Day 12: Where Do Projects Come From?

So now that you’ve decided to take the plunge and run a project for a few of your teachers, where should you start?

First, you need a good idea that you can develop into a project for your teachers. So where do these ideas come from?

The Curriculum

First and foremost, they should come from the curriculum. Sometimes a careful or even cursory review of the required curriculum will inspire some great ideas.

  • How will students understand this content better by talking to students in another area?
  • How might students share their created work nationally or internationally as a motivation and inspiration (and to meet ISTE Student Collaboration and Communication Standards)?
  • Is there content already in the required curriculum that would be perfect to discuss, share, collaborate, challenge another class with?

Teacher Needs

Another great source of ideas for projects is the needs of your teachers.

  • What are they struggling to teach?
  • What units are frustrating or in need of “jazzing up?”
  • What amazing unit might they want to share with another class?
  • What student created work is worthy of a national audience?

Viral CAPspace Collaborations

Have you noticed this year that some collaboration ideas in CAPspace have been multiplying like rabbits?

  • First it was penpals.
  • Then it was Monster Match copycats and Halloween spin-offs.
  • Then Turkey Talk…
  • Then Weather Buddies…

These collaborations go viral for a reason. They are good ideas and simple to do! Educators create and share great ideas.

Bottom Line

  • A great project idea is simple.
  • It fits tightly to the curriculum.
  • It makes sense to teachers.
  • More than one of your teachers want to do it!

Tomorrow, we’ll start talking about how to manage a project with 3-4 or more of your teachers participating. For now, consider what project several of your teachers might want to do.

Your Turn

  • What do you think makes a great project idea?
  • Where do you get your inspiration for VC projects?
  • What is holding you back from creating and running a project for your teachers?

Please comment!

If you are totally new to collaborative projects and/or would like step by step assistance making a collaborative project happen, from start to finish, sign up for Kid2Kid Videoconference Connections, a six week online course beginning January 25.


About Janine Lim

Janine Lim, PhD, currently serves as associate dean for online higher education in the School of Distance Education at Andrews University, in Berrien Springs, MI. She and her team support over 200 online courses, provide training for faculty teaching online, and work with the campus infrastructure support of online learning. Her department also provides educational technology and Moodle support for faculty and students. In addition, Janine is responsible for the faculty and courses of the Consortium of Adventist Colleges and Universities. Janine has taught over 15 unique graduate educational technology classes online numerous times over the past 15 years, with some classes attracting participants from all over the world. Her undergraduate teaching includes social media courses for communication and digital media majors. Janine has served on the board of the United States Distance Learning Association since April 2015. Prior to her work at Andrews University, Janine coordinated distance education for 22 K12 school districts in southwest Michigan for 14 years. In that position, as one of the co-founders of TWICE, Michigan’s K12 Videoconferencing Organization, Janine has spearheaded popular international K12 videoconference projects such as Read Around the Planet and MysteryQuest. While still serving on the board of TWICE, she was instrumental in designing and implementing the CAPspace website for collaborative videoconference projects. Janine also served on a team of Michigan educational technology trainers providing a workshop called ATA Technology Academy. Her current online learning research interests include successful teacher behaviors, quality online discussions, and student activity patterns in self-paced courses.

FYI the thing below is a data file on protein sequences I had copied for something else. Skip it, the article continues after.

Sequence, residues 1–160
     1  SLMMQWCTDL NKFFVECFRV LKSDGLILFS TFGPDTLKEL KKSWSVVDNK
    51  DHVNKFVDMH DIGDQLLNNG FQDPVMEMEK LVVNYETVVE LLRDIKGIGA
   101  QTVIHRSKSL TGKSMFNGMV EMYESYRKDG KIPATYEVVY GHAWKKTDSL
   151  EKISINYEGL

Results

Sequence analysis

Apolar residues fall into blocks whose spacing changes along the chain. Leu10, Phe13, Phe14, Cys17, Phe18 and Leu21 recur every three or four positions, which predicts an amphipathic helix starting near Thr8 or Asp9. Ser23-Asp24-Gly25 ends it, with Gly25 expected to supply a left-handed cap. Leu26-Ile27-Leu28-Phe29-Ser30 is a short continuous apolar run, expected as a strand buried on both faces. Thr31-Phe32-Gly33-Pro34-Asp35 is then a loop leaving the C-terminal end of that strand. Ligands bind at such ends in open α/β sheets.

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2 Responses to Day 12: Where Do Projects Come From?

  1. Dave Keefe says:

    Hi Janine — I just wanted to leave a compliment and tell you how impressed I am with your site and the activities you are running.

    I hope all is going well with your dissertation.
    Best regards,

    Dave Keefe

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